January 19, 2023
ZURICH, Switzerland – President Yoon Suk Yeol is set to debut at the World Economic Forum’s annual meeting on Thursday in Davos, Switzerland, amid the notable absence of the leaders of the two largest economies, the US and China, against a backdrop of growing nationalism and deglobalization.
While there are simmering questions over the forum’s validity in boosting globalization, experts say Davos is still a “good opportunity” for Asia’s fourth-largest economy to increase its global presence and leadership for free trade and international solidarity.
The Davos Forum, where political leaders, prominent business leaders and scholars from around the world gather to discuss current issues, has set the theme of this year’s event as “Cooperation in a Fragmented World.”
It’s main goal is to stimulate multinational cooperation to tackle imminent and long-term challenges and crises such as protectionism and deglobalization triggered by the US-China trade war, Russia’s invasion of Ukraine, slowing global economic growth, rising energy and food prices and climate change.
Putting a damper on such initiative, six leaders of G-7 nations, including the US and China, have chosen not to attend the forum, sending deputies in their place. Germany’s Olaf Scholz is the only G-7 leader scheduled to attend.
“Globally, nationalism is becoming stronger,” said Bark Tae-ho, president of the Lee & Ko Global Commerce Institute and a former trade minister. “The US, which used to criticize China’s subsidy policy, is moving toward nationalism, such as through ‘Buy America’ policies and the Inflation Reduction Act. The European Union is following the move.”
These developments pose as a concern for Korea, which advocates for and supports rules-based multilateral trade, he said.
“However, even if major leaders are not present, that does not negate the purpose for Korea,” Bark said. “Davos is a venue where a president can introduce the nation’s investment environment to global business leaders and freely exchange opinions on free trade.”
Top CEOs from global companies, such as JP Morgan’s Jamie Dimon, Microsoft’s Satya Nadella, Uber’s Dara Khosrowshahi, Dell Technologies founder Michael Dell and Goldman Sachs chief David Solomon, are on the list of attendees at the forum.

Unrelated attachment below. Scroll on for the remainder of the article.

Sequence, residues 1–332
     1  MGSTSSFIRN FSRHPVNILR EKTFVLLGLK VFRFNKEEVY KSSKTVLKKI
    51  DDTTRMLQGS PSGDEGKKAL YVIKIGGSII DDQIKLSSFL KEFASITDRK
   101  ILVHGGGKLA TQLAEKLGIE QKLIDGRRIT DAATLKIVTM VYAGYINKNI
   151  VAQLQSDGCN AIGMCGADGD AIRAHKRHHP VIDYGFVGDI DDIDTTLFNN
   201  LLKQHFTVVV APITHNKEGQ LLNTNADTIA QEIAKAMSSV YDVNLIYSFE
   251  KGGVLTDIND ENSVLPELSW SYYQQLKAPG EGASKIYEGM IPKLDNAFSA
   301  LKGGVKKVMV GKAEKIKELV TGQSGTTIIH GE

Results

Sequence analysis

“Davos is paying more attention to South Korea, which ranks as the 10th-largest economy and is the world’s eighth-largest trading nation,” said Heo Yoon, a professor of international trade at Sogang University.
“It is still a good opportunity for Korea to lead the talks in the discussion in the importance of free trade, free investment and open society that international organizations have long pursued,” he said.
The professor said many countries will be able to “more actively discuss” the importance of multilateralism, universal values and the future direction of mankind regardless of the attendance of leading countries, which have generally led the agenda.
Yoon’s press secretary Kim Eun-hye told reporters on Tuesday night in Zurich that President Yoon will emphasize “solidarity and cooperation” at the forum, recognizing international trade has been “fragmented,” the World Trade Organization system has “weakened” and domestic-oriented competition is “intensifying.”
In a special speech at the Davos Forum scheduled for Thursday, Yoon is to present “a path of solidarity” for strengthening supply chains, transitioning to clean energy and realizing a digital order, Kim said.
On Wednesday, the second day of his visit to Switzerland, Yoon is set to have lunch with CEOs from Intel, IBM, Qualcomm, JP Morgan, Samsung, SK, Hyundai Motor and LG to introduce Korea’s investment environment and technological competitiveness and seek ways to cooperate, Yoon’s office said.
This year’s annual economic forum brings together about 600 CEOs of global companies, 19 central bank governors, 56 finance ministers, 35 foreign ministers and 35 trade ministers, as well as 2,700 figures from the political, business and academic worlds.
Kang In-soo, a professor of economics at Sookmyung Women’s University, said in his recently published article that “choosing sides” through arbitrary and discretionary policies may seem like the international trend right now, but that it may inevitably become a “race to the bottom.”
For Korea, emphasizing the need to accumulate social capital on a global level based on “openness” would be crucial, and for that reason, he wrote, it is hoped this year’s Davos forum can create momentum to restore international trust.